"I am passionate about making pelvic surgery easier for the surgeon,” says Greg Osgood, chief of orthopaedic trauma in the Johns Hopkins Department of Orthopaedic Surgery. Osgood believes that head-mounted displays using three-dimensional imaging data can help surgeons improve imaging and operative techniques, minimize incisions and reduce the complexity of surgery.
“Making the procedure more technology-based helps us provide patients with the same or better outcomes, but in an easier surgical manner,” says Osgood. A recent study using this technology in a simulation of percutaneous pelvic surgery showed shorter operative times and less radiation use compared with traditional methods.
Osgood is combining data from advanced imaging techniques, such as ultrasound, computed tomography (CT) and MRI, with traditionally used operative fluoroscopic images, creating virtual three-dimensional imaging and “maps” that can be overlaid onto the patient’s body during surgery.
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“We have been working on a project for several years to integrate visual, fluoroscopic and CT data all in one image with what we call a Cam-C. It is a C-arm fluoroscopy unit with a camera mounted on it for augmented reality imaging,” says Osgood. Augmented reality imaging uses virtual images in the surgical field to give more information than the visual image provides. Using this device, the surgeon can easily process the information and perform the surgery in a safer manner with fewer radiographs.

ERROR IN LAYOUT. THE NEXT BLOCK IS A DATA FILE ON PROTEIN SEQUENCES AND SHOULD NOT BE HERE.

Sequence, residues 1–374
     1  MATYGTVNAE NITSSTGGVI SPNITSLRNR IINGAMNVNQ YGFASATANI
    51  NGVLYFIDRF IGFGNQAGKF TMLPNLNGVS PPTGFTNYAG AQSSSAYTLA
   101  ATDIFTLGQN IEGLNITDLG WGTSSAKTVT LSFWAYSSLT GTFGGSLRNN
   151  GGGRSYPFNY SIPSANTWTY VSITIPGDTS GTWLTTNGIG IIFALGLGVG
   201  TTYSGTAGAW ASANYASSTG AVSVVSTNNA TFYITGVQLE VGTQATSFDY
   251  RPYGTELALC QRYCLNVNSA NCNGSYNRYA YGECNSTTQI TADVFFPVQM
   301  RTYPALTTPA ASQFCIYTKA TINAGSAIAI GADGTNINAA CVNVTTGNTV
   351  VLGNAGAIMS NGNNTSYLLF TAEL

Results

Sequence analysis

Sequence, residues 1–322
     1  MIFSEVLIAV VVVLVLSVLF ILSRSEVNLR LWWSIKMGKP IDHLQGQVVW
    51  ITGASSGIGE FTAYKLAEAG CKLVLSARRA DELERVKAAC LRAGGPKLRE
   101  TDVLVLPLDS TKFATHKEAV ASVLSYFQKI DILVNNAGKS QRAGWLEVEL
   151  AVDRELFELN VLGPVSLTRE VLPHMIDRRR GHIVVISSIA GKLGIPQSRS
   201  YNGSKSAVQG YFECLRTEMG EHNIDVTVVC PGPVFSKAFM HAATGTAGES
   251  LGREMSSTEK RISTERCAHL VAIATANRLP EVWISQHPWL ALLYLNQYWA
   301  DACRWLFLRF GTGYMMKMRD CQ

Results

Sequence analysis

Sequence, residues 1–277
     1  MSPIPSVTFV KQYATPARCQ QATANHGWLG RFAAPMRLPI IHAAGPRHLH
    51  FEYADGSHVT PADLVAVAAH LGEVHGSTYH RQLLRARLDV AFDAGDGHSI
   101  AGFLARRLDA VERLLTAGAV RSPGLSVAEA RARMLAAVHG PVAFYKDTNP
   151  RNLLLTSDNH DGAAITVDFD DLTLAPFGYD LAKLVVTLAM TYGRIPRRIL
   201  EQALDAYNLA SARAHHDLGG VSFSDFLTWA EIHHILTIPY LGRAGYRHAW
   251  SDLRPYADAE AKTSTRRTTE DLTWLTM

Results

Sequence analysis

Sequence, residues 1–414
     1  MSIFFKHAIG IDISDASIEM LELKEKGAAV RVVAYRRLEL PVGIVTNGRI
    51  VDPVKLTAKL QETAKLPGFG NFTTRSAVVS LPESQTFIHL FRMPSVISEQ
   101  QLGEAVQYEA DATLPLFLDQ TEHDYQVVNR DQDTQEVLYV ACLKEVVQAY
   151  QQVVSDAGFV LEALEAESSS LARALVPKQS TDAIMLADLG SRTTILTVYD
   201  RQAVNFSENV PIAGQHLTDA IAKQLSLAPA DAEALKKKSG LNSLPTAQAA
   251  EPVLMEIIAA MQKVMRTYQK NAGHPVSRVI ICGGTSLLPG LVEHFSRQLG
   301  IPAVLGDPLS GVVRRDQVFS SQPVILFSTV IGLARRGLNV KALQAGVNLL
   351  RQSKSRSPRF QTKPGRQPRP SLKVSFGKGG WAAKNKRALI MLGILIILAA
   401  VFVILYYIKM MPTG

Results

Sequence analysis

Osgood is collaborating with two Johns Hopkins researchers at the Malone Center for Engineering in Healthcare: Jeff Siewerdsen, professor of biomedical engineering and director of the Carnegie Center for Surgical Innovation, and Nassir Navab, professor of computing and director of the Computer Aided Medical Procedures Lab. Siewerdsen is working to improve C-arm CT and image registration methods to make image quality better and reduce radiation dose during surgery. Navab is working closely with clinical and industrial partners to enhance three-dimensional imaging and augmented-reality technology. His team has introduced camera-augmented mobile C-arm technology and is now focusing on the integration of head-mounted display technology into the clinical workflow.
Osgood believes the greatest potential of these new technologies lies in their teaching capabilities. During surgical simulations, residents who have never been trained in pelvic surgery were able to perform complex techniques with accuracy, using very few radiographs.
Osgood credits a T32 grant sponsored by the National Institutes of Health for bringing together the team of experts. “We involved people at all different levels, international laboratory collaborations, postdoctoral students and very engaged residents,” he says. “We have people engaged in developing projects and exploring ideas—really making medical care better by deep investment in science.”